Erin Baldassari – an insatiable curiosity has opend new career opportunities in journalism


Erin Baldassari – the accidental editor

 by Tracy Dubin

In today’s day and age, “children” live at home until thirty, parents still pay for their college-grad’s car insurance, and Facebooking is synonymous with working.  The average twenty-four year old is just figuring out life, searching for a career, and teetering on adulthood.  But not Erin Baldassari.

Before even reaching a quarter of a century, Baldassari, 24, is already established as the assistant editor of the Cambridge Chronicle.  She writes articles, edits assignments, photographs stories, and manages interns.  Her workday far surpasses the typical nine-to-five.  She arrives early to the office, performs her daily duties, then cannot retire to bed until she has covered a board, city council, or neighborhood group meeting that same afternoon.

The 5’2”, petite curly-haired brunette with a megawatt smile, blushes into silenced anxiety when asked to describe herself.  She could say she has written for the Boston Globe, the Boston Phoenix, Metro, and STUFF Magazine, but she chooses to remain mum.  With an innocent smirk, she finally says, “I would consider myself independent.”

She is sitting on a beige couch in the small back room of the Cambridge Chronicle’s Somerville office.  The office, located on an unobtrusive street within Somerville’s residential neighborhood, has two larger rooms filled with working editors and reporters from Watertown, Somerville, and Cambridge.  Also housed is a reporter from Medford – the locale does not have an editor – and an editor who also reports for the town of Malden.  All the journalists are working for Gatehouse Media, the umbrella organization for Wicked Local, which represents Baldassari’s paper, the Cambridge Chronicle.

Originally from Santa Rosa, California, Baldassari is a jet-setter.  After graduating high school in 2005, she took a year off to travel throughout South America, visiting Chile, Bolivia, Paraguay, Argentina, and Peru.  She did volunteer work, studied Spanish, and simply explored the continent.  At 19, she moved out to Boston to attend Tufts University.

“I had always liked the Boston area,” she says.  “It sort of reminds me of San Francisco.  It’s small and walkable.  I wanted to get out of California.”

Baldassari thinks she made the right choice.  Her private wooden desk in the Chronicle’s office is littered with newspapers and stacks of crisp, white paper peppered with type.  Her email is verging on capacity and she is always on the phone.  This is a young girl in demand.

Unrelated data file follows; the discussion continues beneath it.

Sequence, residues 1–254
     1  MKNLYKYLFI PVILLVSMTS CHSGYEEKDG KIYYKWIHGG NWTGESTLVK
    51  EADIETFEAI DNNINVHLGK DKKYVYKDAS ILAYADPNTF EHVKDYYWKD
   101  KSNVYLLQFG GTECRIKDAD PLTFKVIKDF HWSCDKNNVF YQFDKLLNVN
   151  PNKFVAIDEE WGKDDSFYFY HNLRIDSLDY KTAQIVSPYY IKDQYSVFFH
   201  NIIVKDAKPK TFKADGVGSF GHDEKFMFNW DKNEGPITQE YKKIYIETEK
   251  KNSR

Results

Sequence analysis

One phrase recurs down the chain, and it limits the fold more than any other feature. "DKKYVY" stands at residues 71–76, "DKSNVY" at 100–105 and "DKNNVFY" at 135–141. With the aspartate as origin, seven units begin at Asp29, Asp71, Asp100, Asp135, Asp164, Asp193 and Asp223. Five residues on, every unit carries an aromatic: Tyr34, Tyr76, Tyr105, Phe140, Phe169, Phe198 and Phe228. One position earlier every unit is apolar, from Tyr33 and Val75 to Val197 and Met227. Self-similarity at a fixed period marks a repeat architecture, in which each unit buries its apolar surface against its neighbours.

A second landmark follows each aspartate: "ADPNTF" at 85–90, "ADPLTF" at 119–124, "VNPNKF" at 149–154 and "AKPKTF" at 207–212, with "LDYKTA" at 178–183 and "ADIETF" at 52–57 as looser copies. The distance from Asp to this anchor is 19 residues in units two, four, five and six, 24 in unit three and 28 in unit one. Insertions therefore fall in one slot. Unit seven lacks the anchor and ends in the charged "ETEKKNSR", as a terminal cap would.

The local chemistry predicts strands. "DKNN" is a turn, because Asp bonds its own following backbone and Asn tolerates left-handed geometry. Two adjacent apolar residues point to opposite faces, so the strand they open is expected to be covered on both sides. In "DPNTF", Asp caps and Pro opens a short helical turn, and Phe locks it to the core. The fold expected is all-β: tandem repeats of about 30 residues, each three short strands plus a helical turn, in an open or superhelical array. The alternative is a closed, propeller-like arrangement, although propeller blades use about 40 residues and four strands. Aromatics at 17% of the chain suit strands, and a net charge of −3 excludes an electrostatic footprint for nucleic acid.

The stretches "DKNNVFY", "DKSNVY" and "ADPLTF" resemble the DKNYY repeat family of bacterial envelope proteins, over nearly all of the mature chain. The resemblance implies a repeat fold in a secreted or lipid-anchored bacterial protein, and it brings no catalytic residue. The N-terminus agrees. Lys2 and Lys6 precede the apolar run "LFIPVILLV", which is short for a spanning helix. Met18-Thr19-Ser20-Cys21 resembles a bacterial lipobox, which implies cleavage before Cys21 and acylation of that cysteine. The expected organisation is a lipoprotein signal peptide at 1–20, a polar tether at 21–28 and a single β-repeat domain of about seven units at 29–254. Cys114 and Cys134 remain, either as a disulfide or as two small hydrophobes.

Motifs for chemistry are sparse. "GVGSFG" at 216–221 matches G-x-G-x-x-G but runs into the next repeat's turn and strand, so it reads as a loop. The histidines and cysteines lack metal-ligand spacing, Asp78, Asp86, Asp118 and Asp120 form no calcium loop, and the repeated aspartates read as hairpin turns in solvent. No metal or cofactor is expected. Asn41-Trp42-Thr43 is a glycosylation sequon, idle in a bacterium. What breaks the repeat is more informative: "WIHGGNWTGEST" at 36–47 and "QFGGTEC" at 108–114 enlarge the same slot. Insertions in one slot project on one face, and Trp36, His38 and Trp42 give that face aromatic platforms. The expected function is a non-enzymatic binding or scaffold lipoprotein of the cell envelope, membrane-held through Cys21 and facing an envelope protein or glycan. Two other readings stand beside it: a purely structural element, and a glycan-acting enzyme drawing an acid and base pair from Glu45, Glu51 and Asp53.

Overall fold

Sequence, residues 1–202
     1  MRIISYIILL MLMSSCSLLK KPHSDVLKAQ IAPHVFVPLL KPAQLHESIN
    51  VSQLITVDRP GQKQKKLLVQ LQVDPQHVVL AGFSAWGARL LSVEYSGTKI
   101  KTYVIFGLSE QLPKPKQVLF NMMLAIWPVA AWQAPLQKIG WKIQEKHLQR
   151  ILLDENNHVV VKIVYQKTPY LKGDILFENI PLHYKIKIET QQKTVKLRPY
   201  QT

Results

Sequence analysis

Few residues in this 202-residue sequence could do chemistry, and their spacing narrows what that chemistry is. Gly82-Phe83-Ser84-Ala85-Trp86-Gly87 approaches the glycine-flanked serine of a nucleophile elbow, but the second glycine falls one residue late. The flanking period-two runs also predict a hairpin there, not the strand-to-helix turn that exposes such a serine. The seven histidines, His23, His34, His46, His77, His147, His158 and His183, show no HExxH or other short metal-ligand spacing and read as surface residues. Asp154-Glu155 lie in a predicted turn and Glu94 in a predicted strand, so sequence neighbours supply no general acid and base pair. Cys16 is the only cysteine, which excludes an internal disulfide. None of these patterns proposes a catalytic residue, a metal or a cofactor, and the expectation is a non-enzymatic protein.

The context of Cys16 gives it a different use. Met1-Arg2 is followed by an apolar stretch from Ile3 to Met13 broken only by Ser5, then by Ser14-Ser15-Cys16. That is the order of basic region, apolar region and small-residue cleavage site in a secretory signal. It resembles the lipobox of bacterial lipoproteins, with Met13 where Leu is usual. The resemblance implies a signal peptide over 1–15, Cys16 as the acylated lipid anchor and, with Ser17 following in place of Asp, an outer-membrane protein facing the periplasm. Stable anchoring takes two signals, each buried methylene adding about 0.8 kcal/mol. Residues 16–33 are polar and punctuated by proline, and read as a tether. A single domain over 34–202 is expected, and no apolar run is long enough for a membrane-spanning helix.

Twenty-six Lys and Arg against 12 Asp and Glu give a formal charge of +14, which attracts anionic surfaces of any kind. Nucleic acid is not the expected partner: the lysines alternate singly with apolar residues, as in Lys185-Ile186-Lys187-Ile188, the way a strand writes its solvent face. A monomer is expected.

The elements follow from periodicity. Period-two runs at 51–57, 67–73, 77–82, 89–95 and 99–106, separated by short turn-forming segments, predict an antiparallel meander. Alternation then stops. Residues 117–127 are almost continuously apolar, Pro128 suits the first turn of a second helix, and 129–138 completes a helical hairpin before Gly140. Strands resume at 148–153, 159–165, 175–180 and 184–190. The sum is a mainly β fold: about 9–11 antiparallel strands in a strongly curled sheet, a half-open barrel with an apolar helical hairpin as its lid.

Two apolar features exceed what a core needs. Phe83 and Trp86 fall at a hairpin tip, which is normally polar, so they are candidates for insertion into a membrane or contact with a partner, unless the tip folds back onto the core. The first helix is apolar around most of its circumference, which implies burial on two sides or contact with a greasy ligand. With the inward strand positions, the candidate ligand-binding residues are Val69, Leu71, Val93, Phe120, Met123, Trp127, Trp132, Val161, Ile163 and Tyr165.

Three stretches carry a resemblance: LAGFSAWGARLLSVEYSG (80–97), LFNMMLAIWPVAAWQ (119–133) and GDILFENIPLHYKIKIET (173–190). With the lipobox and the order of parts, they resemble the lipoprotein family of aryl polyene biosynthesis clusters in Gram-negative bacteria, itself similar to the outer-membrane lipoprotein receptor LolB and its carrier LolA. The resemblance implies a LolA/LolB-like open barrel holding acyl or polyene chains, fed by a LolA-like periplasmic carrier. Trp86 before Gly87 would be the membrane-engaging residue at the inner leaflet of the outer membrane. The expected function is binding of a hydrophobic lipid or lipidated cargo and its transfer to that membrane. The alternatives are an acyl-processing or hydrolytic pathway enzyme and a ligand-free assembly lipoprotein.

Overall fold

Despite her current schedule of meetings and deadlines, Baldassari says she never formally studied journalism in school.  In 2010, she graduated Tufts University as an economics major.

“Tufts doesn’t have a journalism program,” Baldassari says, “and it’s something I wanted to do while I was in school.  I wanted to figure out how the world works, so I studied the thing I knew least about.”

Having no prior journalistic experience, Baldassari enrolled in Exposure, an extracurricular photojournalism program offered at Tufts University through its Institute for Global Leadership (IGL).  Exposure has students reporting on documentary studies and human rights.

“I was involved in doing photography in that program,” Baldassari says.  “You have to write as well as do the photos, so I was working on photos and doing stories in tandem.”

A passion for photography initially sucked this economics major into journalism.  Baldarassi, who operates her own professional photography website, likes the act of taking pictures but favors the results of writing.

“I never actually intended to become a journalist,” Baldassari says, flashing mascara-painted light emerald eyes.  “It was never something I actually wanted to do.  I was just doing photojournalism, the act of photography.”

But her journalistic feelings soon changed.  When she was a junior in college, she interned for the Somerville Journal and the paper stole her heart.

“As soon as I took the position at the Somerville Journal, I loved it,” she says.  “I realized I didn’t want to do anything else.”

Her love affair with journalism is a loyal one.  After interning with the Somerville Journal, she earned reporting positions at the Medfield Press and the Westwood Press, and was then placed on-staff at the Watertown TAB before entering her current role as assistant editor at the Cambridge Chronicle.

“Within the next two years,” she says, “I’d like to start writing for either an alternative weekly newspaper, like the Boston Phoenix, or a large daily newspaper, like the Patriot Ledger, Lowell Sun, or hey – the Boston Globe.”

She has a lifetime ahead of her, and she intends on engraving herself deeper into the world of print journalism.  In ten years from now, she would like to go into investigative reporting and work in a department akin to the Boston Globe’s Spotlight team.  But for now, she will sit behind her wooden desk, continue wearing smart skirts and neutral cardigans, and dedicate her endeavors to the Cambridge Chronicle.

Her best advice to aspiring journalists is to be courageous.

“Be insatiably curious,” she says.  “And love the job, because if you don’t, it’s just not worth it.”



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